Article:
Nova Scotia Duck Tolling Retriever ONLY
Buff is a recessively inherited coat color variant that occurs in the NSDTR. Buff is a disqualifying feature for the show ring but otherwise appears to cause no health issues in the breed. Puppies are born a lighter shade of red that can appear silver in color. As they age they can sometimes darken to a more red color but they are lighter than they would be without the effect of the buff mutation.
Buff coat color is caused by mutations in the gene called melanophilin which also causes dilute coat color in many other breeds (Drögemüller C, U. Philipp, B. Haase, A-R Günzel-Apel T Leeb. A noncoding melanophilin gene (MLPH) SNP at the splice donor of exon 1 represents a candidate causal mutation for coat color dilution in dogs. Journal of Heredity (2007) 98(5):468-473). The mutation that causes buff is the same exact change in the DNA sequence that causes dilute.
The Mode of Inheritance
This coat color is inherited as an autosomal recessive disease meaning that affected puppies inherited two mutant copies of this gene, one from each of their parents.
The Test Results
BUFF N/N: This dog has two normal copies of the BUFF gene
BUFF N/A: This dog has one mutant (abnormal) copy of the BUFF gene
BUFF A/A: This dog has two mutant (abnormal) copies of the BUFF gene
BUFF is inherited as an autosomal recessive disease meaning that animals that are N/A are normal colored but can produce buff colored puppies if bred to a buff colored dog (A/A) or another carrier (N/A). Buff carriers will produce 50% carrier puppies.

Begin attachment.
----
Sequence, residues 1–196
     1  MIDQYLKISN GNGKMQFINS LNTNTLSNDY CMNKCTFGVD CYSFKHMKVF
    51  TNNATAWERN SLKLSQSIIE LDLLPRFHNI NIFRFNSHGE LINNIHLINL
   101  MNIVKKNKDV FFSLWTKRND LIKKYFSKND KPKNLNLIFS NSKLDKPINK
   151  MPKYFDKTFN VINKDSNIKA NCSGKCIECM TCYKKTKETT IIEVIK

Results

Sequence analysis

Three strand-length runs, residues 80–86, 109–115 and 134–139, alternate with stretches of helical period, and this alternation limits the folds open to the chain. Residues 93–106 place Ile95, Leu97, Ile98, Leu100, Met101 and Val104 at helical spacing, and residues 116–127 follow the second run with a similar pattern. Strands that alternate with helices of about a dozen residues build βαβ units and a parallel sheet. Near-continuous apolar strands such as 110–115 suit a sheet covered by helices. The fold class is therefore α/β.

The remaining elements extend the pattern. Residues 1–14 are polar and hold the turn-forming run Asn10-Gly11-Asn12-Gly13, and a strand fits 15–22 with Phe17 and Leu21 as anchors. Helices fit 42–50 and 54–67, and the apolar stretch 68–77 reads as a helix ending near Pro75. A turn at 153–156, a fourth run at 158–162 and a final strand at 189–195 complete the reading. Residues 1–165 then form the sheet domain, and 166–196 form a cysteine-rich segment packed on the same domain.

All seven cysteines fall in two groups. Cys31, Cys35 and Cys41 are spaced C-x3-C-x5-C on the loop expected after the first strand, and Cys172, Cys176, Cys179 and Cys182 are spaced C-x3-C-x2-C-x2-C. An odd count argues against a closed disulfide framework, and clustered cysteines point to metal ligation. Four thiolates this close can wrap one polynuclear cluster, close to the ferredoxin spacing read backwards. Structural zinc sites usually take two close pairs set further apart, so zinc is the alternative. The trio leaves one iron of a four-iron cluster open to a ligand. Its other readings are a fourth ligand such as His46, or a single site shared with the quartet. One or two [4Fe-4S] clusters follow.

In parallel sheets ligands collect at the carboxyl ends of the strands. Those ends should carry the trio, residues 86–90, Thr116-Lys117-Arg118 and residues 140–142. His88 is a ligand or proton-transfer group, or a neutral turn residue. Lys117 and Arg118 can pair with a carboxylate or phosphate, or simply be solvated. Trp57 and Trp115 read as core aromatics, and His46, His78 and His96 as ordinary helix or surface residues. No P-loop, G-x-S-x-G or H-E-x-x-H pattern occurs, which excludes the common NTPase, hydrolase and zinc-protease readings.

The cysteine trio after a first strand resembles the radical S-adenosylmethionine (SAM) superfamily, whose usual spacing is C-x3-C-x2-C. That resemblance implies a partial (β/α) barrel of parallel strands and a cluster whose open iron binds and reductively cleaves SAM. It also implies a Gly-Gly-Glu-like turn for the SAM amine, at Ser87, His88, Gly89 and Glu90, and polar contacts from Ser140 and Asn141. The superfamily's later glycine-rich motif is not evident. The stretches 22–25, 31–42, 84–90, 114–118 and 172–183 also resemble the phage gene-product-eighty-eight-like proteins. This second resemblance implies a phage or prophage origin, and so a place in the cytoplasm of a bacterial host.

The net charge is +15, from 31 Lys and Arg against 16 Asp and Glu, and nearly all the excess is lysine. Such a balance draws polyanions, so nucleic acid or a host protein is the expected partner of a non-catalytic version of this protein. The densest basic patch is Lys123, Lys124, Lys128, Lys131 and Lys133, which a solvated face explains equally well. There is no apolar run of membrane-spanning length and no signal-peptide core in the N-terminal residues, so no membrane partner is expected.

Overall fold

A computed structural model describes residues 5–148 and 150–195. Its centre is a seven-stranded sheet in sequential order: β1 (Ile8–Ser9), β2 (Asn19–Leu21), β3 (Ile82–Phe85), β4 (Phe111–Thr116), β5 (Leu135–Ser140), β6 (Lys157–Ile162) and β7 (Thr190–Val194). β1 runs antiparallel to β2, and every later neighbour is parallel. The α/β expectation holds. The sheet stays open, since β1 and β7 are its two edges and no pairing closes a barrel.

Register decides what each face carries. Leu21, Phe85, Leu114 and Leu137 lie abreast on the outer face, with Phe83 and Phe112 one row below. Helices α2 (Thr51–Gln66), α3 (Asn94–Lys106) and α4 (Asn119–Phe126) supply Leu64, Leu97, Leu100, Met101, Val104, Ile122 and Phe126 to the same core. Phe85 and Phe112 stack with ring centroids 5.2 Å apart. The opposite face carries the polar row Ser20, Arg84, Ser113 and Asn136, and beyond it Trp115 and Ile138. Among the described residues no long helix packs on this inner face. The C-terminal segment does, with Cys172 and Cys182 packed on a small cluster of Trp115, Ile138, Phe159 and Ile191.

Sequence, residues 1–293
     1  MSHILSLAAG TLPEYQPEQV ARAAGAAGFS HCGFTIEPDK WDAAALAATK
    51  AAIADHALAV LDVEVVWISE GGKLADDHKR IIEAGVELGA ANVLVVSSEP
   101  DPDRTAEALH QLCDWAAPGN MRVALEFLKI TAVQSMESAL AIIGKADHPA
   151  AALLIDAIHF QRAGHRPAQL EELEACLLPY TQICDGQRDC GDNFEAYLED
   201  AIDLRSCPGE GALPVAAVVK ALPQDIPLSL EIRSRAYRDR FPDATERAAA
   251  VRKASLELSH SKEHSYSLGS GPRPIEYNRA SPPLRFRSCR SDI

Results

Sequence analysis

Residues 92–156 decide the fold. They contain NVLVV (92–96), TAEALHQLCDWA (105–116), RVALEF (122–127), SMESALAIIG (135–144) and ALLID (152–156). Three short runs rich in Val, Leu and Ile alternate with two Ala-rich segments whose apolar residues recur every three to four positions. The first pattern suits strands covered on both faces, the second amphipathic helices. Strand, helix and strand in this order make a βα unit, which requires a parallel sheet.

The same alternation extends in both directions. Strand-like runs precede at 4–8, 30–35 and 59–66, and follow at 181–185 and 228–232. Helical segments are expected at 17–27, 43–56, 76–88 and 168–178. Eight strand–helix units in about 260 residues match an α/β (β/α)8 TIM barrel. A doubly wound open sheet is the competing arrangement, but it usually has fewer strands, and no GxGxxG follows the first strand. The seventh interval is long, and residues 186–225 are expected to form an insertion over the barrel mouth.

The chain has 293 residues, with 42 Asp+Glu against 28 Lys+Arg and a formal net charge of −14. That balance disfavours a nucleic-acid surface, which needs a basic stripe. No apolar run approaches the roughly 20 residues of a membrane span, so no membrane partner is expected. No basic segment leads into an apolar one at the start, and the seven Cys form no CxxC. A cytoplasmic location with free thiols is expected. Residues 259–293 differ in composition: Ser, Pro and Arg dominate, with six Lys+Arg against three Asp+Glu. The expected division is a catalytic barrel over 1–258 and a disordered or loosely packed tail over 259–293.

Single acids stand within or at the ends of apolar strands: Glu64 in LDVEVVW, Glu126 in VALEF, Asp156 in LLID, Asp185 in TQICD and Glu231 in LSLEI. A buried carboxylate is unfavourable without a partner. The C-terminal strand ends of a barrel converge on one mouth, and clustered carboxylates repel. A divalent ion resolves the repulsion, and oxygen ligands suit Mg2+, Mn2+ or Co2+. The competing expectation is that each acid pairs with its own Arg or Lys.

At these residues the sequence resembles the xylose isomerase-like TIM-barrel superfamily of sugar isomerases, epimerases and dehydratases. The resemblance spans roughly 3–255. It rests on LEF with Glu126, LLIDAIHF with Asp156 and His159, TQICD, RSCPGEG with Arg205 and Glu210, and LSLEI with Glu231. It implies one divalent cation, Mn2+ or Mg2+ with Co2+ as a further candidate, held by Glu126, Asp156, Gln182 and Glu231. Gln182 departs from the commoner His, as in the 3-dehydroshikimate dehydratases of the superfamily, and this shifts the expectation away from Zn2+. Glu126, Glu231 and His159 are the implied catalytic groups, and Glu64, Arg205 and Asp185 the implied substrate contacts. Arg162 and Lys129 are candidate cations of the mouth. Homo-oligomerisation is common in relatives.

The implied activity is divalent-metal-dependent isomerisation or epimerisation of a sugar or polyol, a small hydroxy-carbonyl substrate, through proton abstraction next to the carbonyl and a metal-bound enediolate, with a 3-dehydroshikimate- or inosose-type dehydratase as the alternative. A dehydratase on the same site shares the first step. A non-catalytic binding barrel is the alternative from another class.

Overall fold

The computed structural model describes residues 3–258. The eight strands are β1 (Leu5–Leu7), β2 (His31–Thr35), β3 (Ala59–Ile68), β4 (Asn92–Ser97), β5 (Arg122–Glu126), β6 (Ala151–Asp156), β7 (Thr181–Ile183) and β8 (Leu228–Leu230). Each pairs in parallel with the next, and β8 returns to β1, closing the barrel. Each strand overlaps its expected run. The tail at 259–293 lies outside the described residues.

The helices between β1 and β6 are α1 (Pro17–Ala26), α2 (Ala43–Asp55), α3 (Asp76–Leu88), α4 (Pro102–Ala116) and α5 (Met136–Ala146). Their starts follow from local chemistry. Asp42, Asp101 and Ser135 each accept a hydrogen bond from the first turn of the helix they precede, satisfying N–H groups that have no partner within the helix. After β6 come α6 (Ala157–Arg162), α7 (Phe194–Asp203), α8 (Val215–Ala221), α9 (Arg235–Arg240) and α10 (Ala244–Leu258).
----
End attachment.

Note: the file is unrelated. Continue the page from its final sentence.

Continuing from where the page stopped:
Tests are ordered online through the secure area of the OFA website. Payment is accepted by credit card (MasterCard and VISA). The OFA administers all order handling. Upon receipt of an order, the OFA will send out the test kit which will include a Foam-Tipped Applicator card for DNA sample collection, along with sample collection instructions. Using the FTA card technology, owners can safely collect DNA samples at home. The collection process is non-invasive, and no veterinary appointment is necessary.
Samples are then sent to the University of Missouri College of Veterinary Medicine where the samples will be processed by the Small Animal Molecular Genetics Lab. Results will be forwarded to the OFA, and the OFA will issue the resulting report to the owner.
The fee for each test includes the test kit, laboratory processing, and subsequent registration in the OFA databases.